As far as the other monuments inside the citadel are concerned, on the east side of the citadel, facing the Teen Darwaza, lies the Palace of Azam Khan (1635-42), nicknamed 'the white ant' for his love of building. It is now used as a post office. Over the gateway the date 1636 AD is engraved. The north entrance to the Bhadra is through an archway and opens out into a large octagonal hall, containing an arched gallery in the upper level, enclosed by a low wall of pierced stone. Each gallery is crowned by a cupola. Beneath the hall is a lofty vaulted chamber with a fountain and tank to the centre.
Mosque of Sidi Sayyid (1572-3) stands in the north-east corner of the citadel and once formed part of the city walls. It has been attributed to a slave of Ahmad Shah I, but the architectural style, form and composition suggest a much later date and it is now accredited to a distinguished noble of the time of Sultan Muzaffar III (1561-72). It is famous for its ten carved, semicircular windows enclosed with exquisite tracery in the form of tree stems and branches. Those on the western wall are considered to be the finest examples of carved stone tracery in India, surpassing even those in Agra and Delhi. Internally, eight pillars divide the space into fifteen bays, crowned by domes of differing styles.
In the south-west corner of the Bhadra citadel is Ahmad Shah's Mosque (1414) and was once used as the sultan's private place of worship. As one of the oldest mosques in the city, it is of interest as it is a Muslim composition with internal features of Hindu and Jain origin. The facade is plain, with incomplete minarets. The hall is three bays wide, with four other arched openings besides the central entrance. Eight perforated stone windows light the interior. To the northwest is the zenana enclosure, distinguished by twenty-five richly carved pillars. The entrance porch leading to it may be a remnant of an earlier temple on the site. Note the central mihrab on the west wall, with its fine black and white marble casing. On the platform opposite the sultan recited his prayers.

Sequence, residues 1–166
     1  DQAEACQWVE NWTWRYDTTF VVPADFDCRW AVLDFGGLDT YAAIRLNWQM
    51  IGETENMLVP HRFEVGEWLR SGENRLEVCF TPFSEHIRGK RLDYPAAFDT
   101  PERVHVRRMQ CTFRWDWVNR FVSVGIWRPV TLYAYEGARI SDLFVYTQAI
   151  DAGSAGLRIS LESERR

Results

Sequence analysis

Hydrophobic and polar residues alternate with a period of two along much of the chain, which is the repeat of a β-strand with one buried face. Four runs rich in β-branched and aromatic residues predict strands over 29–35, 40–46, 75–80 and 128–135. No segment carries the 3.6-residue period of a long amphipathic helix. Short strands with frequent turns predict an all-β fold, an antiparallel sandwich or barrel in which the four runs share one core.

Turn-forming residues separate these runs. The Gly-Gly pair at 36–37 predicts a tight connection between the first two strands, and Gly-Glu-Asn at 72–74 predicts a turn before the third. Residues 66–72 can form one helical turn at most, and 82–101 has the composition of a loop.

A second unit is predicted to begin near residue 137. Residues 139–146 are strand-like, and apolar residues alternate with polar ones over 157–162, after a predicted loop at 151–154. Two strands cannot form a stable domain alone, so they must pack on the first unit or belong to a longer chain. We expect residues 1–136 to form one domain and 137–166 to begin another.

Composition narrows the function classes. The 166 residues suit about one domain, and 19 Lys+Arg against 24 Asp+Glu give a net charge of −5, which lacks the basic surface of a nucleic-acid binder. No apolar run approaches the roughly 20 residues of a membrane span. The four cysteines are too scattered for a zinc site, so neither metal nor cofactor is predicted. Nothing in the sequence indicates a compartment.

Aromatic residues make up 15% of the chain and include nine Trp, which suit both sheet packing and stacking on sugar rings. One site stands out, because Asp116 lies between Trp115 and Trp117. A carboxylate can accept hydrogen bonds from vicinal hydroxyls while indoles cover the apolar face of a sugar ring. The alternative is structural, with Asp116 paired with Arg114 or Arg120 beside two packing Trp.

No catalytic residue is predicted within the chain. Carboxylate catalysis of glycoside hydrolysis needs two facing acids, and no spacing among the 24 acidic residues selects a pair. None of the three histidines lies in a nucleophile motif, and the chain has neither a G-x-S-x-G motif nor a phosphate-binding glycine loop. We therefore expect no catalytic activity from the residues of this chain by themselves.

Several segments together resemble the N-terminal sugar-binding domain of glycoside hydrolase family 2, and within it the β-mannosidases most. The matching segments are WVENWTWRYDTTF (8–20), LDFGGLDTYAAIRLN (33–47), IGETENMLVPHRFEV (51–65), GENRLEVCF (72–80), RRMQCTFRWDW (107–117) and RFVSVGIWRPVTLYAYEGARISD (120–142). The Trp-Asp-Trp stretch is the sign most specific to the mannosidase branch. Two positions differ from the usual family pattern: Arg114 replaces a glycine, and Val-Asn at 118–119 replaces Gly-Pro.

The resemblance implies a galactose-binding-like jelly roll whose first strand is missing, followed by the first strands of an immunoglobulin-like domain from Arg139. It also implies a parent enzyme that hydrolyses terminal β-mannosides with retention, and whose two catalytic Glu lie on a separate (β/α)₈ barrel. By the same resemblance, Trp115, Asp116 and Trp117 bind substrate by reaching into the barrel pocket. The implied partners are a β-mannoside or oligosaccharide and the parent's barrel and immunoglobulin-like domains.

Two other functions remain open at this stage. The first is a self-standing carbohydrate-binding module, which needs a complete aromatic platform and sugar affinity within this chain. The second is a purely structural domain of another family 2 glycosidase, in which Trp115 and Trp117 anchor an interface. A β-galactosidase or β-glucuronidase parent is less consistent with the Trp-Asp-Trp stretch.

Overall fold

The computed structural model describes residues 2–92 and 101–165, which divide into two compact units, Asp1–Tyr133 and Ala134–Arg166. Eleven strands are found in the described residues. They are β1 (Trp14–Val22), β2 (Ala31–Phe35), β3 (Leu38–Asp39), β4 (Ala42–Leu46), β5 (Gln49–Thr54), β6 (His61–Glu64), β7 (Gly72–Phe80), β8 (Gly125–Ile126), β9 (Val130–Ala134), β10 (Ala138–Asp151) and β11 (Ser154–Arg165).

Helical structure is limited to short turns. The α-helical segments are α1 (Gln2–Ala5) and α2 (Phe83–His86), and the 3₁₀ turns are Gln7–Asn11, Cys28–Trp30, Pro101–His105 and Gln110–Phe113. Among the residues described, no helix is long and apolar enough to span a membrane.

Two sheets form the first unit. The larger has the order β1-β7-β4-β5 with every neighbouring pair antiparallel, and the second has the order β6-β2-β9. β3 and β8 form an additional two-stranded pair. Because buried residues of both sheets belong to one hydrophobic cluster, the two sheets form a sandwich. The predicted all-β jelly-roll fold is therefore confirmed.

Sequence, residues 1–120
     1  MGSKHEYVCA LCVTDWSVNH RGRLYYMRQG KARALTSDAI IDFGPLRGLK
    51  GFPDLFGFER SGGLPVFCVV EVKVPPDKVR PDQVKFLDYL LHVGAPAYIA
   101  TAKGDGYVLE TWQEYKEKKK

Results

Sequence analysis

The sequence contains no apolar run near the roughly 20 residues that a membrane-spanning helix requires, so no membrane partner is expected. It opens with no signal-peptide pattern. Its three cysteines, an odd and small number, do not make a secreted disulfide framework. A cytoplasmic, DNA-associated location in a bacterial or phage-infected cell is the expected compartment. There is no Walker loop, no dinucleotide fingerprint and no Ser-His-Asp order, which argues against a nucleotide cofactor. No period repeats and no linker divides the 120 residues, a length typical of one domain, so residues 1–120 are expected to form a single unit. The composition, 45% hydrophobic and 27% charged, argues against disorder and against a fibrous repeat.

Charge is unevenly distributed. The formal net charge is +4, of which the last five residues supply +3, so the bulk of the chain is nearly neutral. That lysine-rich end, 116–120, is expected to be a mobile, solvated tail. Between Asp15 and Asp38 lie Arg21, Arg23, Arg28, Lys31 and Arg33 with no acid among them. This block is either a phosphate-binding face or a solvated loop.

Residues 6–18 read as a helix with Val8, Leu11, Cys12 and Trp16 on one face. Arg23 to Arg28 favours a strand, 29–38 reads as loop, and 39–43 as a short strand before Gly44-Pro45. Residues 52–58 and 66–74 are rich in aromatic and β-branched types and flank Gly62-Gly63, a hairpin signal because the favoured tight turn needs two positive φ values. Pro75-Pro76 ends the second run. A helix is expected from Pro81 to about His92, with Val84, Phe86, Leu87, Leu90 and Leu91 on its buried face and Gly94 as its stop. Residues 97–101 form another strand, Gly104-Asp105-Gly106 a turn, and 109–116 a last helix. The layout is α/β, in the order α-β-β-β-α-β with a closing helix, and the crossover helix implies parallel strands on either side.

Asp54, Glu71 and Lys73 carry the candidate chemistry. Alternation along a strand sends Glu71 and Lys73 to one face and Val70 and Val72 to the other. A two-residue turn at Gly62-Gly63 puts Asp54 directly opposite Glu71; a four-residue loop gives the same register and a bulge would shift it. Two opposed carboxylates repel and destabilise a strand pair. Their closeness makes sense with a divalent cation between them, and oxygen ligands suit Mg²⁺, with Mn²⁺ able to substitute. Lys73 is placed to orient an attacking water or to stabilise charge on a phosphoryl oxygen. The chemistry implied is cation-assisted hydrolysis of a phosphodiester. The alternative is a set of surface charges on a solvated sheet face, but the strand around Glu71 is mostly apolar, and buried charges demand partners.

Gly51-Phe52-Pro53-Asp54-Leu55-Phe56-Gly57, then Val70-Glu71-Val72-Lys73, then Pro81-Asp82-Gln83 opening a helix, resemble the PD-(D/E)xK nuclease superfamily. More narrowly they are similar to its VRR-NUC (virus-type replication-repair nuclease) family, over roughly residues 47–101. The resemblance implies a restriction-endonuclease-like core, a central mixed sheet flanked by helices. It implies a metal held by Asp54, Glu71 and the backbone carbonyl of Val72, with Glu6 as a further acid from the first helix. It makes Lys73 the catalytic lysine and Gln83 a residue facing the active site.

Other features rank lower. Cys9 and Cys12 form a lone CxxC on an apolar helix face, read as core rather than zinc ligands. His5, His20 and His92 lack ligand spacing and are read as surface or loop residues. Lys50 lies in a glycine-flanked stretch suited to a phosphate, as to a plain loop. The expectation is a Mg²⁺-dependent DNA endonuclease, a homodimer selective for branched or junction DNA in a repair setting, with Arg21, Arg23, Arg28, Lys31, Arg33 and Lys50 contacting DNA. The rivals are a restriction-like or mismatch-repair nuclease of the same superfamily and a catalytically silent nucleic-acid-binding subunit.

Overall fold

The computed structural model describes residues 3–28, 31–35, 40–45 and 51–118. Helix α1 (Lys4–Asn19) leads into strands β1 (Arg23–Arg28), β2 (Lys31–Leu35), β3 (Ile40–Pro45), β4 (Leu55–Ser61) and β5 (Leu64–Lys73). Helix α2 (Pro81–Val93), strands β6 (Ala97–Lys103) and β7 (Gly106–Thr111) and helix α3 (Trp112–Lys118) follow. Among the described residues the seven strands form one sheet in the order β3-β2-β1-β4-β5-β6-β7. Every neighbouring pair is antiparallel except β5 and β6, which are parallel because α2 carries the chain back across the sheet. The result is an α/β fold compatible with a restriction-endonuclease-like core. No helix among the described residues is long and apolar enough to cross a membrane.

Close to the Khan Jahan Gate in the south-west corner of the citadel is Khan Jahan's Mosque (early 16th century), with an open pillared facade and low ceiling. At each end arc thin minarets. In front of the mosque is a single pavilion, believed to be the grave of Khan Jahan.
The Ganj-i-Shahid immediately to the left of the entrance is the martyrs' burial ground.
To the north is the Manik Burj or Ruby Bastion, incorporating the foundation stone of the city. The small circular tomb next to the Collector's Office is alleged to be that of the Persian warrior Ibrahim Quli Khan.
The Tomb of Shah Wajih-ud-Din (1609) is a fine Muslim sepulchre, worthy of note, built by Saiyad Murtaza Khan Bokhari, the 11th viceroy.
The Mosque of Sayyid Alam (1412) was built by Abubakr Husaini and is one of the first to have been erected in the city. Architecturally, it comes at the earliest stage of the provincial style, with rich Hindu decoration and motifs, three arched entrances of equal height, a higher central wing and multi-storey balconied minars.
The Mosque, Tomb and Madrasa of Shujaat Khan (1695) stand close to the Lai Gate of the Bhadra. The Marble or Ivory Mosque has two thin minarets, with a frontage of five bays divided by piers. The inscription over the qibla is the date. The walls are lined to dado level with marble.